Don Bosco: A mission for youth in need

By Kumudini Hettiarachchi

The words conjure up images of workshops where young people are set to work and taught a livelihood. What many don’t realize is that the concept of vocational training which included love for and caring of the young, abandoned by society, was initiated by a living, breathing person who himself had suffered much during his childhood.

It was none other than John Don Bosco, who having lost his father at the tender age of three and struggled with his mother and family to survive in Becchi, northern Italy, who set in motion this concept not only in Italy but across the world.

The story goes that when he was nine, he had a dream that was prophetic – being among a crowd of children at play, some of whom were cursing, John was hitting and kicking them to make them quiet. Suddenly, a man appears and advises: “Don’t hit them, with kindness and love you must win over these your friends. I shall give you a Teacher under whose guidance you will be able to become wise, and without whom, all wisdom becomes nonsense”. The man was Jesus and the teacher would be the Virgin Mary.

Later John learnt to be an acrobat, magician, singer and juggler to attract friends and keep them from sin. Wanting to dedicate his life to young people, he worked by day and studied by night, entering the Seminary of Chieri at 20 and being ordained as a priest in Turin in 1841, at 26. Seeing the teeming masses of orphaned or abandoned young people looking for work to keep body and soul together, Don Bosco gathered them together on Sundays, sometimes in a church, out on a grassy meadow or in the town square to get them to play and instruct them in Catechism.

Overcoming many a challenge which included strong opposition from the enemies of the Church, civil authorities and even some Ecclesiastical authorities, he opened his first oratory five years later at Valdocco to provide the simple things in life to “his rascals” – food and a bed. They would also learn a trade. On them, he spent what little money he had, his time, his talent and his health. Later he extended his work to different parts of Italy, other countries of Europe and to South America.

Those were the humble beginnings of the Salesian Congregation comprising priests and lay people who wished to continue his work. Unwilling to leave out young girls, Don Bosco founded with Saint Maria Domenica Mazzarello, the FMA, the Congregation of the Daughters of Mary Help of Christians.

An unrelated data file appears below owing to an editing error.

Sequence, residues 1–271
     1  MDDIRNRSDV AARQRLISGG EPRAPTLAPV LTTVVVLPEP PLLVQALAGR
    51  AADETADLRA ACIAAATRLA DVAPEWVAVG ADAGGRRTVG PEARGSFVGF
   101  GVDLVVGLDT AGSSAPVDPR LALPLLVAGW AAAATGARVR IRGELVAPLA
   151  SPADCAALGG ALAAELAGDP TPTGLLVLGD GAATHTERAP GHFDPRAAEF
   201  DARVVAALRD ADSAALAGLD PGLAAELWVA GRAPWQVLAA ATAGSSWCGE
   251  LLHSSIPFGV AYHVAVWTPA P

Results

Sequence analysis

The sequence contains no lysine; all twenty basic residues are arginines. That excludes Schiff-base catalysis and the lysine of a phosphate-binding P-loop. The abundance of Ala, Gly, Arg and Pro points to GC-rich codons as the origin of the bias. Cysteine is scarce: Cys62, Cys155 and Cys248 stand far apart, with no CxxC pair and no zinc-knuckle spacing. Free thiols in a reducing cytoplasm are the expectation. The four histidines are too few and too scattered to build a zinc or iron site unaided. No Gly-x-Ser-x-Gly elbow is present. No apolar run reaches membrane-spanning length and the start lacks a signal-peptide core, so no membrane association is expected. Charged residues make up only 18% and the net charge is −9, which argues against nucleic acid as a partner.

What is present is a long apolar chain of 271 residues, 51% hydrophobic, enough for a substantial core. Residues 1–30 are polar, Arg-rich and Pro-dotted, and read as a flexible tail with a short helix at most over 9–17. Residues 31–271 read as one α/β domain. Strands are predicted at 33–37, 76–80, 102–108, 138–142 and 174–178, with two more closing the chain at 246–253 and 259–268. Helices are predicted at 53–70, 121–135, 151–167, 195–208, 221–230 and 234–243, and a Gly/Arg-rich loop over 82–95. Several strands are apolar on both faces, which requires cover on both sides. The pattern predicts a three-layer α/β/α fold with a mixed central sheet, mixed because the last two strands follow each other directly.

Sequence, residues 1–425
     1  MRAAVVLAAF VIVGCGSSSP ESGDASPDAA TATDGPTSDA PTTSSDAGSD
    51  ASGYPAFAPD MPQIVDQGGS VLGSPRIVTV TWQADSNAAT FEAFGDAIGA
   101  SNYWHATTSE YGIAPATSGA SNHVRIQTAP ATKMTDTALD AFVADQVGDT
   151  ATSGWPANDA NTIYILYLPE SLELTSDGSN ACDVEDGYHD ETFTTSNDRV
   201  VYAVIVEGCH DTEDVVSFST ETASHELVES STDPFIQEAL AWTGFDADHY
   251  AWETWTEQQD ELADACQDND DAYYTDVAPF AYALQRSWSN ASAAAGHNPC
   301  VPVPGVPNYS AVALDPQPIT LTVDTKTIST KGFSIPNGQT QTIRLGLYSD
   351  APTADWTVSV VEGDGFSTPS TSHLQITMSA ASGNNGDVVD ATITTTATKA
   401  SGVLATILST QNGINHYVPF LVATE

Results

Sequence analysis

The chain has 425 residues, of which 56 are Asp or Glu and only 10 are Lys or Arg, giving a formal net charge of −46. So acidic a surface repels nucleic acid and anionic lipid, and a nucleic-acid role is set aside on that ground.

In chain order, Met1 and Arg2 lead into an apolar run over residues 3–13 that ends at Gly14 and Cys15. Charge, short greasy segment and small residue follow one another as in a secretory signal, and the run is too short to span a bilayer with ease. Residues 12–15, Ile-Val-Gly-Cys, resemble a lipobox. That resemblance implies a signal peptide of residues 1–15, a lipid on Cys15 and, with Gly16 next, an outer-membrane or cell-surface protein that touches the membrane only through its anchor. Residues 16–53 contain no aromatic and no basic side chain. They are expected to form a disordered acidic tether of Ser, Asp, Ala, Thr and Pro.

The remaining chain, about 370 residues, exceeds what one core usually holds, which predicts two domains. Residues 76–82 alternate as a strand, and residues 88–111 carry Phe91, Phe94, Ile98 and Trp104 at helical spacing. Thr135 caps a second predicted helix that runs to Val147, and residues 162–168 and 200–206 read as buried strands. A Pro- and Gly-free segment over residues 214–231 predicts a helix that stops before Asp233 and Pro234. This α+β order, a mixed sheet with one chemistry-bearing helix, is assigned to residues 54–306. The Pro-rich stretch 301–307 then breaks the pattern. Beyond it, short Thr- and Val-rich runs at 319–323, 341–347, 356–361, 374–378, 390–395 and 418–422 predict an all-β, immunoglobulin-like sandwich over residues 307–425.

The Salesians and the Daughters of Mary Help of Christians have spread throughout the world in the service of young people, the poor and suffering, with schools of every type and level, technical and professional institutes, hospitals, dispensaries, oratories and parishes.

Don Bosco’s work was the result of his strong bond with God and even though he went to meet his Maker on January 31, 1888, in his austere room at Valdocco when he was 72 years old, that first 18-member Salesian Society has grown in leaps and bounds to more than 16,000 Salesian Priests and Brothers, more than 14,000 Salesian Sisters and more than 24,000 Salesian Co-operators worldwide.
Pope Pius XI who was known to Don Bosco personally, proclaimed him a Saint on Easter Sunday, April 1, 1934.

Saint’s relic in Sri Lanka

Having visited villages and towns across the globe, the relic of St. John Bosco will arrive in Sri Lanka on Saturday, November 19, for a 12-day visit where people can venerate him from Dungalpitiya in Negombo to Ahungalle in Galle, from Dankotuwa to Nochchiyagama and from Mannar to Kandy.

This pilgrim journey through 130 nations in five continents began on January 31, 2009, to mark the 150th anniversary of the founding of the Salesian Congregation and in preparation for the celebration of the 200th birth anniversary of Don Bosco on August 16, 2015.

The relic of Don Bosco, the right hand, recomposed from the urn that contained his remains since 1929 when the body was exhumed for his beatification and eventual canonization, has been enshrined within a wax replica of his body, which in turn is enclosed in a large glass casket.

The casket is mounted atop a large wood and metal cart. Among its decorations are the words, "Da mihi animas, ceatera tolle" ("Give me souls, take away the rest") one of Don Bosco's many quotes. Images of young faces also surround the urn, as well as maps showing where the Salesian Family is present today.

The urn weighs 820 kilograms (over 1,800 pounds!). The glass box, containing the relic, is 253 cm long, 108.3 cm wide and 132 cm tall. The full urn is transported via two specially-designed and built trucks.

Accompanied by a team of specially-trained Italian security police, the relic casket will be taken in procession to the public at the various Don Bosco institutions and important shrines and parishes across the island.

The schedule is:

  • November 19 – The casket arrives at the airport from India and will be accompanied by eminent personalities to Dungalpitiya
  • November 20 – Palliyawatta
  • November 21 – Ahungalle/Galle
  • November 22 – Uswetakeiyawa
  • November 23 – Dankotuwa
  • November 24 – Nochchiyagama
  • November 25 – Mannar
  • November 26 – Kandy
  • November 27 – Metiyagane
  • November 28-30 – Negombo and departure from there.

17 Salesian centres here

The very first Don Bosco Centre in Sri Lanka was established in 1956 at Negombo and currently the Salesians have established 17 centres across the island stretching from Hambantota to Kilinochchi.
These centres provide vocational education for underprivileged youth, moulding them into skilled, constructive and law-abiding citizens who contribute to the country’s growth, said Rev. Fr. Nihal Liyanage sdb who heads Don Bosco Sri Lanka as Provincial Superior.

(For more information please see; or

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